Wow and wow again! These are the words of a prospective adoptive father on his blog He is hoping to adopt twin girls and when the girls were born their mother and father decided to take more time to make this monumental decision. They are reconsidering and these pap's are not happy. This sums up for me what is wrong with the adoption industry. You hear things that basically say..."she promised..... wah..." "I spent a lot of money, give me your kid, you can't back out now" They refer to the children as theirs. That one just amazes me. How did people get to this place of such entitlement?! Children that are still in the womb are considered their property. If this man could never even consider giving them up after spending so much money, why in the hell should he expect a woman who carried those babies for nine months, birthed them, shares DNA with them, loves them with all her heart, was physically connected to them, is bonded with them to just say - oh, okay. I promised so here you go, I don't have to think about it. So now I guess God is supposed to go to that mother and say - well, you know they really did spend an awful lot of money, you should give them your children.

I'm just so flabbergasted. I don't think there's enough words in the English language to convey how disgusted I am by this. It also amazes me how many people think this attitude is not only okay, but normal. In my humble opinion, they never should've met the mother of those girls. They have no business pressuring someone like this. They have no right to claim ownership of the babies. They would probably say that they are not pressuring her. Well, simply being there, having a relationship with her and her knowing that you're waiting for her to give birth so you can take her child or children IS pressure. Hurray for her being strong enough to take the time needed to make this decision. There shouldn't even be a search for prospective adoptive parents until AFTER the mother is healed from giving birth, has spent time with her baby, is past the post-partum hormone changes (which takes weeks) and has come to the conclusion on her own that she cannot and does not want to keep the child. Not one minute before that should anyone consider that child belonging to anyone else but that mother. How dare anyone lay claim to another woman's child before that child is even born and then actually pray for a mother and child to be separated.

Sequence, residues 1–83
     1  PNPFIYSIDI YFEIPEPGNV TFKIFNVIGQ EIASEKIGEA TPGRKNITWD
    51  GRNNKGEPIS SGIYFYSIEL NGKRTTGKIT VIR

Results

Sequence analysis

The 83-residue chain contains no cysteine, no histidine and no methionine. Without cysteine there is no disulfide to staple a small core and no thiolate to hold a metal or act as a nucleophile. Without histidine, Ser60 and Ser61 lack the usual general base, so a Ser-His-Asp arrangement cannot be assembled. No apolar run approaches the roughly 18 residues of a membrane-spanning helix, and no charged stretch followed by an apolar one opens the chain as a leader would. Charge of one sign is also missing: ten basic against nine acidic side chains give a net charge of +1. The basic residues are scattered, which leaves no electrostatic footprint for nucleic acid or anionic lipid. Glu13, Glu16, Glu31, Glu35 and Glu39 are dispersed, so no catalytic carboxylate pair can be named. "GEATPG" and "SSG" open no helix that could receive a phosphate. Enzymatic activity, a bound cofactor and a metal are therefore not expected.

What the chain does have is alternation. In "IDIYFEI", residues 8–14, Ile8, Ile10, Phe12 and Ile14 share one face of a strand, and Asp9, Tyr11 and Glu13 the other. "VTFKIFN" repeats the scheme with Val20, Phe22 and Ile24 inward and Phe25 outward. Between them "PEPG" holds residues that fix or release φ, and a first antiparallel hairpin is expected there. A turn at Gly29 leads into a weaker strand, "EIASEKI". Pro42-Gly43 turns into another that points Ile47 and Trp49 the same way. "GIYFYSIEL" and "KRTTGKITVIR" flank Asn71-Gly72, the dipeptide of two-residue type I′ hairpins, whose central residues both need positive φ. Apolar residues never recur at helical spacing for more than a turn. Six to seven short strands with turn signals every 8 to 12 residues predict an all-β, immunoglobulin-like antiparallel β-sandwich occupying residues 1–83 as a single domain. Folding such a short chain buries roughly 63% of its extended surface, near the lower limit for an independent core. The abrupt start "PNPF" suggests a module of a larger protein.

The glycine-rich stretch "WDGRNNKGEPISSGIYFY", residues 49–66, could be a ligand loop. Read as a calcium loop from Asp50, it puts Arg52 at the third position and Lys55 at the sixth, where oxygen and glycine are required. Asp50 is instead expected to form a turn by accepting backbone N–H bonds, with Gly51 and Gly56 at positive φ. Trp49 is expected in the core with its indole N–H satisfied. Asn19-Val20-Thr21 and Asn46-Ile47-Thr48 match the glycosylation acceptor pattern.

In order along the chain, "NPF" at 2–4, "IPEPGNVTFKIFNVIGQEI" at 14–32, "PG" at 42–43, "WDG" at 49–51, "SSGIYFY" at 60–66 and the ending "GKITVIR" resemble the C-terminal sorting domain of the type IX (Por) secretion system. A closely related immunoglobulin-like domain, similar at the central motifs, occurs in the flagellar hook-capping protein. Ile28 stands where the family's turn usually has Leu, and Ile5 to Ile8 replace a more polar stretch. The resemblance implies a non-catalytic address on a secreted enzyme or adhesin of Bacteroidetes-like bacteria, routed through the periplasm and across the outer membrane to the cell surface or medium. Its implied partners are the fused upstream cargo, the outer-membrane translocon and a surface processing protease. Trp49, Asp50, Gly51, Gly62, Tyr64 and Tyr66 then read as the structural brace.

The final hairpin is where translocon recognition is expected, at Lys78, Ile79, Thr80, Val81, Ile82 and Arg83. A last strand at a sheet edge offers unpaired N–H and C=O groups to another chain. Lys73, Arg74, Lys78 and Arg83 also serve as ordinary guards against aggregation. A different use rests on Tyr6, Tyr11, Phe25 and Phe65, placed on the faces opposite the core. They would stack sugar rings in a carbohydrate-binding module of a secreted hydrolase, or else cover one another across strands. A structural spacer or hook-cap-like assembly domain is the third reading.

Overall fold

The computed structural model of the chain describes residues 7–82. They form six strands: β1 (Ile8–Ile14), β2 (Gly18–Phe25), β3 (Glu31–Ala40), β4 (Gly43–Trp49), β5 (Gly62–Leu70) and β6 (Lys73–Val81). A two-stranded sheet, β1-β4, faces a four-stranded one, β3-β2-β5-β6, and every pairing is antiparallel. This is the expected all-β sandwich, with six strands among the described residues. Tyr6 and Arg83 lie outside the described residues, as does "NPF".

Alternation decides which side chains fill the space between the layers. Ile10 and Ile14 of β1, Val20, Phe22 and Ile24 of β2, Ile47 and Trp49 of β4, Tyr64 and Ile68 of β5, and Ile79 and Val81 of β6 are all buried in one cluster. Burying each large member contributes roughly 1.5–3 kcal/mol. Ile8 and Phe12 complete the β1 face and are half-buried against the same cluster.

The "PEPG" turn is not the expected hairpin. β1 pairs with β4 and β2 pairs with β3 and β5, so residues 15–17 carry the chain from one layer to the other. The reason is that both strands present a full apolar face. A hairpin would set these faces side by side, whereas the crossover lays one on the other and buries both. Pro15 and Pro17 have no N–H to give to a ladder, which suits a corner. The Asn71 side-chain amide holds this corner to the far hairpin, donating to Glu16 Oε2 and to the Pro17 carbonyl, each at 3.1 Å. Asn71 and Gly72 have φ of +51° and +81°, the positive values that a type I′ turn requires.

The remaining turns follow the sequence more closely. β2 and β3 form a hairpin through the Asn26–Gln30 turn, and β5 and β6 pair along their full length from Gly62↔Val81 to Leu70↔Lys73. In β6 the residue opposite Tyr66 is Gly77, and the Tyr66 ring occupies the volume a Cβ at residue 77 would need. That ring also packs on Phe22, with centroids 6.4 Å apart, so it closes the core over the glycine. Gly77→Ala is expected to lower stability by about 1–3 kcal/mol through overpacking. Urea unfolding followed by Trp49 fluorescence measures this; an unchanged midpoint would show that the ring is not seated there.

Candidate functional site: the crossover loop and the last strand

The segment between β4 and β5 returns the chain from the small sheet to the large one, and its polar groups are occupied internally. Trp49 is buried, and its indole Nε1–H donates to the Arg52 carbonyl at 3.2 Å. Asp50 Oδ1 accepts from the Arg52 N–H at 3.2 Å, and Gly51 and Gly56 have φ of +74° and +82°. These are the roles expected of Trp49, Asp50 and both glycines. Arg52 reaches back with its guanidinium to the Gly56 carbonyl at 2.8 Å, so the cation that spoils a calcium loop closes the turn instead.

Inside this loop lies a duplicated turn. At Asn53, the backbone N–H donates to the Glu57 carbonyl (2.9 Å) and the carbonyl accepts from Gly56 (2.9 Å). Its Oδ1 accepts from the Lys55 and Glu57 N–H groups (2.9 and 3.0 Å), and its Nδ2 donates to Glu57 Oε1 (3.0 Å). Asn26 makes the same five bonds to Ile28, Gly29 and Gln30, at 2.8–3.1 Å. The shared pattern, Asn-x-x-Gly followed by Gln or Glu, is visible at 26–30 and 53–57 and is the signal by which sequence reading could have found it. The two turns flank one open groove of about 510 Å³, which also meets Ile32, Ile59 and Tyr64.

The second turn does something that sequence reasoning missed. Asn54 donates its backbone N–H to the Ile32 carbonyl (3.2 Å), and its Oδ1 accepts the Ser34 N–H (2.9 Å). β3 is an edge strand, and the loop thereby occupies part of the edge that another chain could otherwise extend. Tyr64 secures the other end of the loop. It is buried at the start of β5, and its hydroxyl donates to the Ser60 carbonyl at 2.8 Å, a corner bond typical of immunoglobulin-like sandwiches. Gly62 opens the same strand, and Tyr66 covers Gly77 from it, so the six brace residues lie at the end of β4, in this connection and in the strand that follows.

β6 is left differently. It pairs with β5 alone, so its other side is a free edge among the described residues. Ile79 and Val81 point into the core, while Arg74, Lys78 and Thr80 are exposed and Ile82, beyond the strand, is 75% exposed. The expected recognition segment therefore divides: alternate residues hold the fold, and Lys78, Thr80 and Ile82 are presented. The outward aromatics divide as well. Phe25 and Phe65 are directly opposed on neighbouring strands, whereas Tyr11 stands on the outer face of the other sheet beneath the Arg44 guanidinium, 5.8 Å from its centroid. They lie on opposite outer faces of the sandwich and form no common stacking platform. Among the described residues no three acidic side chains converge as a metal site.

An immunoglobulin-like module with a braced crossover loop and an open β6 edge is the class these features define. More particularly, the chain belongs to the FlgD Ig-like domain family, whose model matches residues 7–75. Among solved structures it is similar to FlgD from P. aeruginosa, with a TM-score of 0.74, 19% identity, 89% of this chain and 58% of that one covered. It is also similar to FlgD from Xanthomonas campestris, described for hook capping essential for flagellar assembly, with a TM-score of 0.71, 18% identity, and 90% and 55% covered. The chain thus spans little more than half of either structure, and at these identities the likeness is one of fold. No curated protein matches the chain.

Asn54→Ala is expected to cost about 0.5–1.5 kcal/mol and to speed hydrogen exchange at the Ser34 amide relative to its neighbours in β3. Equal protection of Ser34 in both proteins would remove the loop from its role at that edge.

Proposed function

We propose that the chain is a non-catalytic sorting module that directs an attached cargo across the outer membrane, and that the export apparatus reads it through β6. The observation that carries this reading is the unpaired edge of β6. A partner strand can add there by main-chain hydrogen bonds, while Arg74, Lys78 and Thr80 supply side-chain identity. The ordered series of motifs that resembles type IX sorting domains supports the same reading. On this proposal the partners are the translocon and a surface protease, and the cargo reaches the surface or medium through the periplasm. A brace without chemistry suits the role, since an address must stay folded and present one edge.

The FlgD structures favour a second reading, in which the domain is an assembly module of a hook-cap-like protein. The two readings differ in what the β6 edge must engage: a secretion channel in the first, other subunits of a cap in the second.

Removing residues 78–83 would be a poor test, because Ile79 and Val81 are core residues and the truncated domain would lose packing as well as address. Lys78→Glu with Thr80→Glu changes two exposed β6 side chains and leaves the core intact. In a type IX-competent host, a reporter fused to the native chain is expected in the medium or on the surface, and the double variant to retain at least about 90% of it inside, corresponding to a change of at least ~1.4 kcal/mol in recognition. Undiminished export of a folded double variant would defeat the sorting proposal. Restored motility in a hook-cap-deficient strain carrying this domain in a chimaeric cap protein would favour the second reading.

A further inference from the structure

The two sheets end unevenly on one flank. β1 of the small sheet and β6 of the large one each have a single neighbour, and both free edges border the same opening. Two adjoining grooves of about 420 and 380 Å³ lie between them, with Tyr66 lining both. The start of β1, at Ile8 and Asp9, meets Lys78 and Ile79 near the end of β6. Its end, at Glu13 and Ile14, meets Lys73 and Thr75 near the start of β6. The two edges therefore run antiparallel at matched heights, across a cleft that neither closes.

I understand that people who have fertility problems suffer. I get that. I've seen family members go through it. However.... it is not another woman's job to fill that void. In this instance and many others like it, whose needs are the pap's looking to take care of - honestly? Are they really thinking of the child or are they thinking of themselves? I don't know what that mother is going to decide but whatever it is it needs to be her decision free from the influence of other people. She and the children will have to live with the consequences of that decision.

I can't even think about this anymore today. Time to do something creative.

Thursday, August 5, 2010

This painting is from a photo I took on a family trip to Indiana. I was walking along the lake, early in the morning and feeling very peaceful. I've had many moments like that over the years. I've had so much joy raising my children and my husband is amazing. We're soon celebrating our 29th anniversary. I have good friends and a full creative life. I've had a good life and I'm grateful. I'm also angry. There's been a lot of talk in the blog world about this issue so I guess I'm just adding my .02 when I say I've been pissed off for 30 years. Has that kept me from enjoying my life? No. I can put it in perspective. The anger is kind of like the grief. When you lose a child to adoption there is no getting over it. Recently there was a woman who said we as natural mothers need to "get over it and deal", "forgiving yourself is the starting point", "not all first moms want to keep their "problem". I'm sorry..... huh?! Children went from being illegitimate (a word I absolutely loath) to being a problem.

Human beings are neither illegitimate nor a problem. They are people deserving of love from the women who gave birth to them.

The women who lose their children to adoption are young, scared, vulnerable, lacking resources and not getting the info they need to make an informed decision. When they feel backed into a corner, they're not really making a choice. Instead they are getting bombarded with people telling them that they need to do this so they can finish school, go to college, it's in the best interest of the child, the baby needs 2 parents in the home, what will the neighbors think, you can't handle this...... yadda, yadda, yadda. So, you believe the BS because you're already feeling like you've shamed not only yourself but your entire family. Look at what you're doing to everyone else! This is how we were raised. We're good girls, we'll do whatever it takes to make it right so we give our children to other people to raise.